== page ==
There’s a fascinating read in The Wrap by Joe Adalian, about the theory by columnist and NPR host Bob Garfield, in his book The Chaos Scenario, that the broadcast TV model is going to collapse. In a nutshell, advertisers are going to wise up and stop paying more for fewer viewers, starting a spiral of cheaper programming and further-declining ratings.
I haven’t yet read Garfield’s book, so I won’t judge his argument. But Adalian also includes an intriguing link to a TIME magazine cover story from 1988 that also predicted doom for old-school TV:
Where will the networks be ten years from now? The doomsday scenarios come in varying shapes and sizes. As the network audience dwindles, one of the Big Three may be forced to close down or sharply curtail its operations. Or all may survive, but merely as three players in a new, more fragmented competition among eight or ten networks (both broadcast and cable) of nearly equal size.
I wasn’t at Time back then and didn’t write this, but it’s interesting to look at how right, or wrong, it was.
Of course, it’s now 20 years later, not ten. The Big Three (and what the article exotically calls “the fourth network,” Fox) are still around. They’re still making money. But their ratings are much smaller, and there’s just a pervasive sense of anxiety, if not doom, when you talk to anyone in the TV business today. And it’s hard to think of how to describe this fall’s The Jay Leno Show, first, foremost and admittedly a cost-cutting move, other than NBC “curtailing its operations.”
The WB and UPN merged into The CW, but undoubtedly the big networks are now competing more equally with eight, or ten, or more network and cable competitors. One other thing that has happened, though, is corporate vertical integration: i.e., the companies that own the big networks also own much of the competition. From the corporate standpoint, what it means to “own a network” is different; it’s not just owning a company that holds a confederation of local affiliates, but owning an armada of cable channels who bolster your bottom line and, sometimes, share content with your broadcast network.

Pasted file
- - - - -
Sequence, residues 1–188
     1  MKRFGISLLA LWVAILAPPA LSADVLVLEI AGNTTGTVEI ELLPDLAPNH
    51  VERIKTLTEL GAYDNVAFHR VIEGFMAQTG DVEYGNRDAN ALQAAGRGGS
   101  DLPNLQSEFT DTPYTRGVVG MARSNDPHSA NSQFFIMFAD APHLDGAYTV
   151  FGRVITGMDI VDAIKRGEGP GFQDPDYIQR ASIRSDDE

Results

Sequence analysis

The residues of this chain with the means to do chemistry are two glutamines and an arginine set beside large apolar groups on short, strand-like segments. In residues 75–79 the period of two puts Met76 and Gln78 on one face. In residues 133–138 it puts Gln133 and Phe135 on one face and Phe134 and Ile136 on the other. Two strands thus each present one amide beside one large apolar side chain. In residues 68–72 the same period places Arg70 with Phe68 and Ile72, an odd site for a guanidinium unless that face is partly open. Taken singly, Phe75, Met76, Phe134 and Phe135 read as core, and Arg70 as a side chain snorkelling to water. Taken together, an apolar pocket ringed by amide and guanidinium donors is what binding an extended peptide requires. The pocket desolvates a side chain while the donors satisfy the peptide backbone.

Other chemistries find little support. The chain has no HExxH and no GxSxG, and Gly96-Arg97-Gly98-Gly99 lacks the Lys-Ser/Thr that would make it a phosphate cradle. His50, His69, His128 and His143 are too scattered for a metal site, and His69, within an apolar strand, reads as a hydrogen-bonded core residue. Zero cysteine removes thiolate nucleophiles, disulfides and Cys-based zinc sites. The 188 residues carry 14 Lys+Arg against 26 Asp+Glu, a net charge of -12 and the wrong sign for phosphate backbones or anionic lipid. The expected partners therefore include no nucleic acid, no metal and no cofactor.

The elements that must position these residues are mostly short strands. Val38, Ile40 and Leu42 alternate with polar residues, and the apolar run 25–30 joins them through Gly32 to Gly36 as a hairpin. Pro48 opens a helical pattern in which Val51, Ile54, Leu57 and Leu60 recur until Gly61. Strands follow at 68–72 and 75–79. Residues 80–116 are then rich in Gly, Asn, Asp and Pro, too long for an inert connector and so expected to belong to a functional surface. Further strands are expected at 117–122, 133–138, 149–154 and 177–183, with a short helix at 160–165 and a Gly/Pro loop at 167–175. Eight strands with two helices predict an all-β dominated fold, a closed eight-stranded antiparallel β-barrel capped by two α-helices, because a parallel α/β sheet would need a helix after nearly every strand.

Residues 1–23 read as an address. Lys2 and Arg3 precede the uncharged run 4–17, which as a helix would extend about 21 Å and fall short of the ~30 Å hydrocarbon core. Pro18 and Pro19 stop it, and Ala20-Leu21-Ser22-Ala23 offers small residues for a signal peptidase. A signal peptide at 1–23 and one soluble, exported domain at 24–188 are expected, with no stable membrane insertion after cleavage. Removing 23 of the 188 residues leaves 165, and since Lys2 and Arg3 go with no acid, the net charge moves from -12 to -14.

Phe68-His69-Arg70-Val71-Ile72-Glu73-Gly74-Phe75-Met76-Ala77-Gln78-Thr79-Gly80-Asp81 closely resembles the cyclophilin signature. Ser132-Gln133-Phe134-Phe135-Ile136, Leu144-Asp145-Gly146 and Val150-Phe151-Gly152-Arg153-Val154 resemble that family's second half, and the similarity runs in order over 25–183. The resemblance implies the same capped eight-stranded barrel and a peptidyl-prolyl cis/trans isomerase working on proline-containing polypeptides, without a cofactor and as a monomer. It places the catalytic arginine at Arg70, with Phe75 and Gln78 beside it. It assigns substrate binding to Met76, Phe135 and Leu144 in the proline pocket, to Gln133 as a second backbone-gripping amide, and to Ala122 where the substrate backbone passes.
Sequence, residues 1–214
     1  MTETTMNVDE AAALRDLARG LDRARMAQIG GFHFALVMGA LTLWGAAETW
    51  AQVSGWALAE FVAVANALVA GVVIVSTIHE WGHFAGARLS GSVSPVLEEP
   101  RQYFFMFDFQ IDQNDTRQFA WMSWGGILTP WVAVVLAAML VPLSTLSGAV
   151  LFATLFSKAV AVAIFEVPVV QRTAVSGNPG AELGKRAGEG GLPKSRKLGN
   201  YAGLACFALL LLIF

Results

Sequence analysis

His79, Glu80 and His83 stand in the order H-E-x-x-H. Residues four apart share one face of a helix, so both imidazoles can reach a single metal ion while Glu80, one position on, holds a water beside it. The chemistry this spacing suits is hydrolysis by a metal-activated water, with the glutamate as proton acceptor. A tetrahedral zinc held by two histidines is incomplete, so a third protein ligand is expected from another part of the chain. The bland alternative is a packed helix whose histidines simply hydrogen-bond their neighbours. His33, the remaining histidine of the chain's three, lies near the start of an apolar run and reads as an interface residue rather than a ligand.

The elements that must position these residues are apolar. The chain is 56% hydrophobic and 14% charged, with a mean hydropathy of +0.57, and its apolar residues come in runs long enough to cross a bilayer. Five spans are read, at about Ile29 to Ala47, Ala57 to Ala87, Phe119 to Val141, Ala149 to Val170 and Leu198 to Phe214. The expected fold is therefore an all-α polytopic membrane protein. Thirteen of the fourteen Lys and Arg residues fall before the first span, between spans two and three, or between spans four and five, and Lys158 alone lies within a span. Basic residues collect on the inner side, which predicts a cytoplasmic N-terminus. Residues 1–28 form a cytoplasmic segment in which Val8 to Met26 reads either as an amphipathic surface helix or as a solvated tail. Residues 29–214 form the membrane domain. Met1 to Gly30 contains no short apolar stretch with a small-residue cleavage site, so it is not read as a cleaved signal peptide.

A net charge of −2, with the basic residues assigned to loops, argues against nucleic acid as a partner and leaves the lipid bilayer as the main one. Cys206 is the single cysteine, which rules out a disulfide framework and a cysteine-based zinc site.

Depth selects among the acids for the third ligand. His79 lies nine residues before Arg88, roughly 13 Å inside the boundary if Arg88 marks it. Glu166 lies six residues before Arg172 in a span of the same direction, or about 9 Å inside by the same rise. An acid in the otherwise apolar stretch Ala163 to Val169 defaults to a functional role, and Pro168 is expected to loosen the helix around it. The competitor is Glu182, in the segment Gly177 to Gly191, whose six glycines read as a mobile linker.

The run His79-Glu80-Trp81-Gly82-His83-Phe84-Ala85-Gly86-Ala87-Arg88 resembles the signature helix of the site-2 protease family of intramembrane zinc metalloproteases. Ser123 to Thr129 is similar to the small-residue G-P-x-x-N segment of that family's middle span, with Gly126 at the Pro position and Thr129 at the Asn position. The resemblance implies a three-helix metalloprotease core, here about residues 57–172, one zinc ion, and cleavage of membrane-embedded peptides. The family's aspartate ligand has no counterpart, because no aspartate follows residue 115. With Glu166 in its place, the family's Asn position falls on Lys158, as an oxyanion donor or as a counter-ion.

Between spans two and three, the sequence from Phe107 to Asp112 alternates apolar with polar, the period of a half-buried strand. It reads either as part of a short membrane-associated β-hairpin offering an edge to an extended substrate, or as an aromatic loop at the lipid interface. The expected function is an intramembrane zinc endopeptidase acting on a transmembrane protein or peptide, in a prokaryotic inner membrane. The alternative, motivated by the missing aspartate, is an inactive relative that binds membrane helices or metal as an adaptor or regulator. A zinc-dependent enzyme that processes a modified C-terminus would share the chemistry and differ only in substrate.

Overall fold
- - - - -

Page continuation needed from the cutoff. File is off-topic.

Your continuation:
And the next ten years for the broadcast networks? I usually tend to think that dinosaurs die off, but slowly. I can’t envision a scenario in which the big networks don’t end up essentially big cable channels–in fact, maybe someday one or more will literally become a cable channel–but big cable channels are nothing to sneeze at, and as long as the checks clear, people will still want to make shows for them.
Of course, if Garfield is right and the ad money collapses suddenly, and all at once, then who knows? As I said, I haven’t read his full argument. But one good point he makes, and has made before, is one I’ve tried to make when discussing the problems of media outlets. Namely, it is not a rational argument to say that something has to keep any operation in business: that such-an-such a business will survive simply because people want its product, or because it has always been thus, or because you don’t want to imagine a world without it. It is possible for things to go away and simply not be replaced—or at least not be replaced immediately—and it does no good to rule that out as a possibility.
Feel free to make your guess here. It’s probably better than mine.